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Guardianship of a Parent – When and How to Seek One

Guardianship of a Parent – When and How to Seek One

As our parents age, our roles often reverse. Whereas they were once caring for us by ensuring we took our medicine and got to our doctor’s appointments, we end up doing the same for them. Although this role reversal is normal, sometimes the care they require becomes extreme. If your parents can no longer care for themselves, it may be time to think about establishing a guardianship.

What is a Guardianship? When Should a Guardianship Be Considered?

A guardianship is a legal relationship where a responsible adult is appointed to care for another adult who cannot care for himself or herself. According to the American Bar Association (ABA), a guardianship should be considered when:

• a person can no longer manage his or her affairs because of serious incapacity, and

• no other voluntary arrangements for decision making and management have been set up or are working, and

• serious harm will come to the individual if no legally authorized decision maker is appointed.

That said, a guardianship can be a major intrusion into one’s life. It should only be used when a person has a serious inability to make decisions or understand the consequences of their decisions. It is also important to note that foolish and risky decisions do not necessarily mean a person should be put under a guardianship. A competent person can make risky decisions. Incompetent persons, on the other hand, do not choose to make risky choices, but risks occur by happenstance.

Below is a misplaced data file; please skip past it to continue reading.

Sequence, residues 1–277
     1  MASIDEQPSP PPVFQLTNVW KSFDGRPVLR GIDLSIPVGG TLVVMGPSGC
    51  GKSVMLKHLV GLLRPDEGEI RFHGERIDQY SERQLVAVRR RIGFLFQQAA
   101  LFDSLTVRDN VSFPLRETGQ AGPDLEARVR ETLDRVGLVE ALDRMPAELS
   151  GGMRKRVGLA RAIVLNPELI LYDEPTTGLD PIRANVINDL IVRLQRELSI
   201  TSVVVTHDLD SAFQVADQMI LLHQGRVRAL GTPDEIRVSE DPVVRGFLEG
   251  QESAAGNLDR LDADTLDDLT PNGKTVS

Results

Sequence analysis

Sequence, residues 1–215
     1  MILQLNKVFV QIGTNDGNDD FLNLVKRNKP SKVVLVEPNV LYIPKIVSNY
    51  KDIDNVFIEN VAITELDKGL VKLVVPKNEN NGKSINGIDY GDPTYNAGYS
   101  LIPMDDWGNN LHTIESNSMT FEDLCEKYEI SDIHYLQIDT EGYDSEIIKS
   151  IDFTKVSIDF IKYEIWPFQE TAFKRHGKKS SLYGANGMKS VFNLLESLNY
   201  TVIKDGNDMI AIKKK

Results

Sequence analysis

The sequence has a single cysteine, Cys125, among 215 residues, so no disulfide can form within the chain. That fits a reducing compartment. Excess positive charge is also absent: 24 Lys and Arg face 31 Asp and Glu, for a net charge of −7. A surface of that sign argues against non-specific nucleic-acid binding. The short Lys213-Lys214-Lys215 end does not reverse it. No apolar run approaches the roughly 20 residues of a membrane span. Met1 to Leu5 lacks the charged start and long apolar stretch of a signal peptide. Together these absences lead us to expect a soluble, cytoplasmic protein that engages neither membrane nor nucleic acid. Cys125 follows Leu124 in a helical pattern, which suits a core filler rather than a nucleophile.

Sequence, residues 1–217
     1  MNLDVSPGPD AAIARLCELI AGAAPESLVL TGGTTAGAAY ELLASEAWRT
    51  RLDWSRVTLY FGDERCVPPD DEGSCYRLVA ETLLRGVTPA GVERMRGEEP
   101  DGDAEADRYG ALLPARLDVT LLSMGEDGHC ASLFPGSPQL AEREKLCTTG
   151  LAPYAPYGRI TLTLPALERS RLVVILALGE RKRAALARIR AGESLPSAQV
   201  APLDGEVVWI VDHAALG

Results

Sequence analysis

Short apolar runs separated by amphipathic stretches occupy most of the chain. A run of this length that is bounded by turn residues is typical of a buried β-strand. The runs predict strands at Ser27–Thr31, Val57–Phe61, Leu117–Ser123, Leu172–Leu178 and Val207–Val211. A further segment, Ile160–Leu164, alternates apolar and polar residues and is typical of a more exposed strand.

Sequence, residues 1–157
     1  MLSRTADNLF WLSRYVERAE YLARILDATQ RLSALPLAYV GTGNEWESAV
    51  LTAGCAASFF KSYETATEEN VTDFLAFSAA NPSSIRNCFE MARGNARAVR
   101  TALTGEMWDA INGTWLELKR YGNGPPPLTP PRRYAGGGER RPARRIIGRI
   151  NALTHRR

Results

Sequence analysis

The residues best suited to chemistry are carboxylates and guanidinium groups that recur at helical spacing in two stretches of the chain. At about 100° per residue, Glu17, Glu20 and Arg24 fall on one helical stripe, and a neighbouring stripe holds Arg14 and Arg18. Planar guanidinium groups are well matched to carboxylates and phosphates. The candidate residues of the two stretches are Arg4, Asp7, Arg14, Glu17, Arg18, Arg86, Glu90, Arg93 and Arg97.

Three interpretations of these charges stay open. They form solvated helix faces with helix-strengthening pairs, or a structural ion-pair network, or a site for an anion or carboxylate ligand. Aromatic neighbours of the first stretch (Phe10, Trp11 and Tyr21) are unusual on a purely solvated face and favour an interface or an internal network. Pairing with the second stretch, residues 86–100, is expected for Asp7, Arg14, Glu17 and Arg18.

What Are the Responsibilities of a Guardian?

A guardian is generally responsible for providing or supervising the protected person’s care. The guardian must also ensure that the protected person’s property, finances, and assets are properly preserved and managed. These duties can be limited by the court. Moreover, guardians are generally required to regularly inform the court on the status of these affairs.

How Do I Seek a Guardianship?

If your parent does require a guardianship, you can request one. The process of imposing a guardianship requires an attorney, formal paperwork, and a court hearing. There must be evidence that the individual is incapacitated as well as evidence that the proposed guardian is qualified. The incapacitated person will be given the opportunity to consent to the guardianship or contest it. The court will then consider all of the evidence before it in making a decision on whether a guardianship is appropriate.

If you are interested in establishing a guardianship for your parent or another incapacitated adult, contact McNeelyLaw today. Call us at 317-825-5110 to talk to an experienced attorney who can help navigate you through this emotional process.

This McNeelyLaw LLP publication should not be construed as legal advice or legal opinion of any specific facts or circumstances. The contents are intended for general informational purposes only, and you are urged to consult your own lawyer on any specific legal questions you may have concerning your situation.

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